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My only disappointment is that I'm thinking the pump is clunky looking because its too big. It will work but I may add this to my list of things I'd like to do over again when I'm otherwise done with the chassis...or maybe not. Perhaps it will grow on me.

 

That mag is a Bosch ZU4 introduced in 1911. Since it has a bronze frame rather than aluminum I think it's an early one but I haven't looked up the serial number yet.

 

(EDIT) It looks like I was right abut the mag... it is an early to mid 1912 serial number.

Edited by JV Puleo (see edit history)
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eh, idk, looks in proper scale to me... nice job!

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When attached to the engine it is very close to the magneto. There may be enough room for it to fit - there certainly will be if I move the mag back a little. I am going to finish it because I have to test whether my improvised "involute of discharge" works but I am certain I can do better. I think it's OK, just not exactly what I was hoping for. I don't begrudge time spent learning how to make things. It's the only way I'll ever succeed at this and pretty much has to be expected when you're "learning on the job."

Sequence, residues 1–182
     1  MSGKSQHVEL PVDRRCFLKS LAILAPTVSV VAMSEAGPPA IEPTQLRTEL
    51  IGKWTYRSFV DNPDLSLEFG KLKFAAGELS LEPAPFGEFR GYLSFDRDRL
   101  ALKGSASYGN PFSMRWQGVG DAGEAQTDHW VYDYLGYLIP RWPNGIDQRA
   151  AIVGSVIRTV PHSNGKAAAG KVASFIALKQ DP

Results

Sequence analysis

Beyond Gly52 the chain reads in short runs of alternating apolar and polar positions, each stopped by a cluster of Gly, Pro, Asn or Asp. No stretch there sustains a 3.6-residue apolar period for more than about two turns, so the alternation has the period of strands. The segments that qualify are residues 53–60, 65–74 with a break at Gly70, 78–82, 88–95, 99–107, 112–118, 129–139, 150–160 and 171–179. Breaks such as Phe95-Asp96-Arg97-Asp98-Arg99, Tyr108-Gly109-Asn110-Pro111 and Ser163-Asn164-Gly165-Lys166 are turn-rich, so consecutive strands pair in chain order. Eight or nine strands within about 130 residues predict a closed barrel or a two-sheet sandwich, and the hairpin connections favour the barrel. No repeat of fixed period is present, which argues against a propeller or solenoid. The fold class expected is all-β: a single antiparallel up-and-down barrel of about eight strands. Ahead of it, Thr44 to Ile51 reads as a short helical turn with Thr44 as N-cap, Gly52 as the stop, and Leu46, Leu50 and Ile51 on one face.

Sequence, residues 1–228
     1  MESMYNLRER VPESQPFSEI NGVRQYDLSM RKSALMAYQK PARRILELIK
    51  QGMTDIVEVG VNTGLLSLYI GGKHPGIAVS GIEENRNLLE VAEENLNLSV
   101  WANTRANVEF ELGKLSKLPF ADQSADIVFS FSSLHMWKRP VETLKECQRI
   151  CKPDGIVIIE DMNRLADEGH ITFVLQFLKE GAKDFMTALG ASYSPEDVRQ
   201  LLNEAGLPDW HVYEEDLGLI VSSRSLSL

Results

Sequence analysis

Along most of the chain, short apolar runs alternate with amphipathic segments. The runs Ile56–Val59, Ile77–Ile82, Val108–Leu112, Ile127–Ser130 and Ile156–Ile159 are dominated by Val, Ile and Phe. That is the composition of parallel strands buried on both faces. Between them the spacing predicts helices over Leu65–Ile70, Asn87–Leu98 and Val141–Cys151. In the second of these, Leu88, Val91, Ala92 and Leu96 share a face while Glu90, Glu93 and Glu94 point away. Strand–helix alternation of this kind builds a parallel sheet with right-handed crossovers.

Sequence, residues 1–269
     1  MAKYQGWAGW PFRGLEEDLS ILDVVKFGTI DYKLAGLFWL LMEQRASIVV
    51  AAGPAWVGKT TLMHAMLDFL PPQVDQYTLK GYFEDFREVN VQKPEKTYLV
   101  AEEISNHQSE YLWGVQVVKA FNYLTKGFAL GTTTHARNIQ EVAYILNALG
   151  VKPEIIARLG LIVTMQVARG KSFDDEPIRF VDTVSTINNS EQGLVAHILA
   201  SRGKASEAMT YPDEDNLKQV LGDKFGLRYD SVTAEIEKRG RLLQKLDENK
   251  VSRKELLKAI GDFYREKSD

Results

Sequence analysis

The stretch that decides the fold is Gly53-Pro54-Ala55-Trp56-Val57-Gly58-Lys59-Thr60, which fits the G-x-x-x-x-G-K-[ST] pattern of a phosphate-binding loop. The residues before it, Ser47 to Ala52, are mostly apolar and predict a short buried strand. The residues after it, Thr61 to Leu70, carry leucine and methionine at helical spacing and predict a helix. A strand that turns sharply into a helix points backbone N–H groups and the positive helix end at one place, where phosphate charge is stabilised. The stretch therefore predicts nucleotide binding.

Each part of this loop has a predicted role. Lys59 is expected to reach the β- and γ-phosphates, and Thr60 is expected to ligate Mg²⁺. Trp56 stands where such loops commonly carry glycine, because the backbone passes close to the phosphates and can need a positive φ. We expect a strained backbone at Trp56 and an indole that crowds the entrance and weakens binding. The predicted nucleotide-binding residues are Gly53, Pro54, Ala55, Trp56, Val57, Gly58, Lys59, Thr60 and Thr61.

If I use the mag, rather than the distributor I made out of a mag, I haven't room for an impulse starter. But, the mag was made in 1912 and I don't think the impulse coupling was invented until about 1917 so it must have either worked as is or was wired to include a separate coil for starting. I haven't been able to find a wiring diagram for the ZU4 that pre-dates WWI so I don't really know how it was done. (I haven't really looked at my books yet on that.)  I would like to have two complete ignition systems to experiment with, the mag and the distributor so I need to make all the contingent accessories so that those are interchangeable. When the time comes to start the engine I will have to figure out both the valve and ignition timing since I don't have any original data and, even if I did, it would not be appropriate for today's fuel or for the new camshaft which is not identical to the original. It's all one of those mind-bending ventures but I've tried to include as much room for adjustment as I can. One thing I've yet to make is a coupling for the water pump/magneto drive shaft that will allow fine adjustment of the ignition timing. I have a drawing for that from PM Heldt's book.